“After he’d gone, I began to think the business queer, but then I remembered the fifty guineas. I caught my train at Paddington, changed at Reading, and arrived at Eyford a little after eleven. The residents could rename the place Eyesore and never be accused of false modesty. Colonel Strake was waiting with a one-horse carriage, completely enclosed, its windows covered by black shades.
“We did our six miles in thirty minutes. All that time, the colonel was watching me like he wanted to start up that secrecy routine again but didn’t quite have the heart. Finally, we stopped so close to the porch of a house that we were practically in the front hall. Two steps from the carriage and I actually was in the hall. It was lit by a single lamp held aloft by a striking woman.”
Holmes, who had been following the meanderings of a fly with apparent fascination, sat up. “Describe her.”
“It would take a poet, Tennyson, say, to really do her justice. She was tall, with dark hair worn in corkscrew curls like you see on a Roman statue. She had the figure of a statue too, what I could see of it under her rich gown, and skin as pale as marble. It seemed to me she paled a little more when the colonel introduced me and mentioned my business.
“My employer asked me to wait in a side room for a few minutes. It was a dingy hole, and I began whistling airs from H.M.S. Pinafore to keep up my spirits. I had gotten as far as ‘Little Buttercup’ when the lady of the lamp entered my chamber, alone.
“‘I would go,’ she said in an accent identical to the colonel’s.
“‘Would you?’ I said.
“‘Yes. I would go now.’
“‘Well, if you must go, have a pleasant night.’
“‘No, you,’ I returned with a slight bow, for I can be as continental as the next hydraulic engineer.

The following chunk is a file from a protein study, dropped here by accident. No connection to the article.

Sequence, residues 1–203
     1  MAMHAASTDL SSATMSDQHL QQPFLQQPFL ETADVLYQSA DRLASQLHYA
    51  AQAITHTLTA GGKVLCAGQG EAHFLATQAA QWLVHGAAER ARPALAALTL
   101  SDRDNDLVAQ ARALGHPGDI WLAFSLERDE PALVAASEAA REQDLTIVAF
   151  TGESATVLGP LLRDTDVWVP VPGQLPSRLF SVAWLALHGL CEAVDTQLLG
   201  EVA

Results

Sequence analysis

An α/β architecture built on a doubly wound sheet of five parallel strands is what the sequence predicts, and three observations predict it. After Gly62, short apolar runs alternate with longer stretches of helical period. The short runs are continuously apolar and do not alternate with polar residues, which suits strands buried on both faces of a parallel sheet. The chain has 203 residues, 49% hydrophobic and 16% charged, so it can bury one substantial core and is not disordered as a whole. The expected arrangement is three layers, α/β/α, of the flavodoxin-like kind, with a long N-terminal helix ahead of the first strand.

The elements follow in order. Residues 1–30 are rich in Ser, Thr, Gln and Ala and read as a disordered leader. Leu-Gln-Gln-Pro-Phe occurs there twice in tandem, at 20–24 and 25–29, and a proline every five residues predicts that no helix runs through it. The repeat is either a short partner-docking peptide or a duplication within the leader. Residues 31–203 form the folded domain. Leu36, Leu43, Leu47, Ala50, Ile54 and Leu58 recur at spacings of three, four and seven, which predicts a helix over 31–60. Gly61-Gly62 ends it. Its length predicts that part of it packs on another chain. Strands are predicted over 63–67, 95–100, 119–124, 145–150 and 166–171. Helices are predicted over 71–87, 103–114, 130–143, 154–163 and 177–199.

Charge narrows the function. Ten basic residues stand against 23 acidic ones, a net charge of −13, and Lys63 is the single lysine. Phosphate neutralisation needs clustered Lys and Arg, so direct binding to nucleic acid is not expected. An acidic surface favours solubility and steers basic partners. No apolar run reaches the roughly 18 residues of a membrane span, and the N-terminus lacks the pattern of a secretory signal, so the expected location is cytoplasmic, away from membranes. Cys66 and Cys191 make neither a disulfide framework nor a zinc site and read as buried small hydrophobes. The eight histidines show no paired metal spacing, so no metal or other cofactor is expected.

“‘Oh!’ she said and, with a stamp of her tiny foot, she left me.
“Shortly afterward my host returned and led me deeper into his odd establishment. It was a house of some size, but the interior had been modified to accommodate the pickling plant, which took up two full stories. The lower level consisted of a series of large wooden barrels whose covered tops were pierced by copper pipes that disappeared upward into the ceiling. One of these casks was open for my inspection and was completely empty. Colonel Strake explained that the system had been drained and cleaned in anticipation of my coming.
“When I told him that he had made my job more difficult by removing the liquid, his expression suggested that he would have fingered my paperweight again, had it been handy. He then led me upstairs to the upper deck, as it were, of his contraption. I made my inspection there with the aid of a lantern my host provided. I found a metal trough, fed by the aforementioned copper pipes, each of which came up through the floor before bending sharply like a shepherd’s crook. The pipes’ open ends were directly over the trough but well below the level of its sides.
“At once I saw the difficulty, which I confirmed by inspecting the complete run of the pipes through a trapdoor in the floor, which the colonel opened for me using a lever mounted on the wall.
“‘Air lock,’ I said with the utmost confidence when the inspection door had been safely closed. ‘Simple air lock. The excess brine rises through the pipes, empties into the trough, and is sent back down to the barrels, correct?’
“‘Correct,’ said the German, though this demonstration of my expertise made him strangely uneasy.
“‘The problem is that any excess air will get caught in this swan’s-neck curve at the top of each pipe as soon as the level of liquid in the trough rises high enough to seal the pipe’s end. The air lock then blocks all movement. Just shorten the pipes by an inch or two to get them well above the trough and your worries are over.’
“‘Absolutely so,’ I said. I then began ruminating aloud. ‘The thing I don’t understand is where the air came from. Nothing in pickling brine should produce that quantity of gas.’
“I instantly regretted my words . . .”